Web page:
Monday, 31 December 2012

From one Author to Another

It is always exciting to find a book inscribed by its author, even more exciting when the book is inscribed to another author. This makes the book far more interesting than just another 'signed' copy or one inscribed to an unknown person who just happened to attend a book signing. Of course, to dream of finding a copy of 'Moby Dick' inscribed by Melville to Nathaniel Hawthorne or of 'Frankenstein' inscribed by Mary Shelley to Byron is to indulge in the wildest of fantasies, but setting the sights at a much lower level it is possible to find interesting associations.

Browsing on the shelves of the High Barn Library reveals only a few examples, but these all have a special resonance.

The earliest we obtained was a copy of Walter de la Mare's 'Memoirs of a Midget' (in fact No. 1 of the limited Collins edition) inscribed by the author to Wilson Follett, who was his American publisher and author of 'Modern American Usage' and editor of the collected editon of Stephen Crane's works. In this copy de la Mare has transcribed in ink his lovely poem 'The Moth', included in 'The Veil and other Poems'.

Also included is a typed letter, dated 1923, to Follett signed by de la Mare thanking him for his assistance in seeing the book through its proofs and assisting with its success in America. This was a serendipitous find in Blackwell's antiquarian bookshop in its glorious one time home of Fyfield Manor near Oxford.

Another lucky find was in the excellent Petersfield Bookshop in Hampshire. This was a copy of Arthur Machen's 'The Children of the Pool', inscribed by Machen in September 1936 to Oliver Warner, who wrote widely on naval battles and was the author of works on Nelson and General Wolfe.

The Powys brothers were all great inscribers of books and signed copies of their works turn up frequently.

I choose one from our Powys collection - a copy of Elizabeth Myers' 'Good Beds - Men Only', presented after her death by her husband Littleton Powys to Walter de la Mare.

This copy came from the library of Walter de la Mare sold by the recently closed Oxford bookseller Robin Waterfield, where we spent many happy hours browsing.

The name of William Beveridge is often in the news. He was the architect of the so-called Welfare State, the set of social reforms introduced by the post war Labour Government in the UK. Helen Thomas, the widow of Edward Thomas wrote a memoir of her time with the poet.

This was published in the volume 'World Without End' and Helen inscribed the copy in our collection to Sir William Beveridge.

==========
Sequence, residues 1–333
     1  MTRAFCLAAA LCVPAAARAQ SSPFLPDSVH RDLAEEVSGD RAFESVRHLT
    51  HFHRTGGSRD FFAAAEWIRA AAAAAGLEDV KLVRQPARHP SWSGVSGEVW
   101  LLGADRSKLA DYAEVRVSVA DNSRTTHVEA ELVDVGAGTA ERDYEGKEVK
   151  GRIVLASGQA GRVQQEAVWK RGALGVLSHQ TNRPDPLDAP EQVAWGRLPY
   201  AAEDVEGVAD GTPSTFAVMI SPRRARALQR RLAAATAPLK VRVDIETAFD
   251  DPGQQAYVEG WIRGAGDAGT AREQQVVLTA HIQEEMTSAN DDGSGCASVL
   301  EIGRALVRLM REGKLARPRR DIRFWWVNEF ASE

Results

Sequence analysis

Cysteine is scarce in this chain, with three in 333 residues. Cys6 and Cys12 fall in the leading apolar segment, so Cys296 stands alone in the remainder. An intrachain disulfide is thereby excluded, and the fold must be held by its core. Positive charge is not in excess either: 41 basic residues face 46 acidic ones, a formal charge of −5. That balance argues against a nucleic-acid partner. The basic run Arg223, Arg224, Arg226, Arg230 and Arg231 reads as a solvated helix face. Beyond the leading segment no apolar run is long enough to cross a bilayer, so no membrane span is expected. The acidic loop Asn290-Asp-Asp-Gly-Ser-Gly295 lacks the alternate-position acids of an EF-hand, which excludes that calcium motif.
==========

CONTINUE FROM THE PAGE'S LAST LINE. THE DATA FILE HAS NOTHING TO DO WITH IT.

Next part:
One of the great editors of Victorian fiction was Everett F Bleiler (1920-2010), who worked at Dover Publications for over 20 years, editing editions of the works of many supernatural fiction writers, including J Sheridan Le Fanu, Mrs J H Riddell, Arthur Conan Doyle and others. These attractive Dover paperbacks were early additions to the High Barn Library.

Bleiler was also the author of the monumental 'Guide to Supernatural Fiction', published by Kent State University Press and which provides plot synopses of thousands of ghost stories contained in over 1700 books identifying themes, motifs and genres.

Our copy was presented by its author to Sam Moskowitz and contains a generous tribute from Bleiler to Moskowitz, who was born in the same year as Bleiler and became a leading proponent and editor of science fiction. He also edited several volumes of the previously uncollected sea stories of William Hope Hodgson.

Finally, something very different. The Doves Press, over the period 1900-1916, produced some of the most beautiful books ever made, under the direction of T J Cobden Sanderson and Emery Walker, who was responsible for the type faces, based on 15th century Venetian models. Famously Sanderson threw the majestic type into the River Thames after he fell out with Walker, in order to prevent its further use by his former partner.

One of the simplest and most beautiful of the books produced by the Doves Press was Ruskin's 'Unto This Last'. Our copy of this book was presented by Emery Walker, its designer, to Robert and Sylvia Lynd.

Robert Lynd was born in Belfast and became a prominent Republican, joining the Gaelic League (at a meeting of which he met Sylvia), and was a supporter of Sinn Fein. Settling in Hampstead, the Lynds became prominent literary hosts entertaining J B Priestley, Hugh Walpole, Victor Gollancz and James Joyce amongst others. My first encounter with Robert Lynd's writing was in my teens when I read his excellent introduction to Algernon Methuen's 'Anthology of Modern Verse 1900-1920', published in 1924.

And so it comes full circle, from a poetry anthology bought in the sixties, to a work of Ruskin printed in a masterpiece of the private press movement with connections to James Joyce and Irish republicanism. So many connections - and all in one printed book.

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